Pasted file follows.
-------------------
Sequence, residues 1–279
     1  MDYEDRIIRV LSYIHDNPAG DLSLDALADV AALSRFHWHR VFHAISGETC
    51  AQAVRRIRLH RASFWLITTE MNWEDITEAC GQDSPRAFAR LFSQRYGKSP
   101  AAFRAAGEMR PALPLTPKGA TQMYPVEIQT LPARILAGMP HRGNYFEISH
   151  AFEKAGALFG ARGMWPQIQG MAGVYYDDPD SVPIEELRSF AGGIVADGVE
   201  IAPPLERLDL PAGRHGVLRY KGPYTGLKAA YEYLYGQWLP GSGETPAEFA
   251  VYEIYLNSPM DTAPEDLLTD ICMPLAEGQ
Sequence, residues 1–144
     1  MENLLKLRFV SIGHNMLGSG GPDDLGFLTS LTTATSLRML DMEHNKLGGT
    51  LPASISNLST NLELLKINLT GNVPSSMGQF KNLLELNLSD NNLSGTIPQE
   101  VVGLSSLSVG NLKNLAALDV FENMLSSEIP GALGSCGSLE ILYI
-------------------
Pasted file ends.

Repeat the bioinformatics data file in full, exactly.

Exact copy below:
Sequence, residues 1–279
     1  MDYEDRIIRV LSYIHDNPAG DLSLDALADV AALSRFHWHR VFHAISGETC
    51  AQAVRRIRLH RASFWLITTE MNWEDITEAC GQDSPRAFAR LFSQRYGKSP
   101  AAFRAAGEMR PALPLTPKGA TQMYPVEIQT LPARILAGMP HRGNYFEISH
   151  AFEKAGALFG ARGMWPQIQG MAGVYYDDPD SVPIEELRSF AGGIVADGVE
   201  IAPPLERLDL PAGRHGVLRY KGPYTGLKAA YEYLYGQWLP GSGETPAEFA
   251  VYEIYLNSPM DTAPEDLLTD ICMPLAEGQ
Sequence, residues 1–144
     1  MENLLKLRFV SIGHNMLGSG GPDDLGFLTS LTTATSLRML DMEHNKLGGT
    51  LPASISNLST NLELLKINLT GNVPSSMGQF KNLLELNLSD NNLSGTIPQE
   101  VVGLSSLSVG NLKNLAALDV FENMLSSEIP GALGSCGSLE ILYI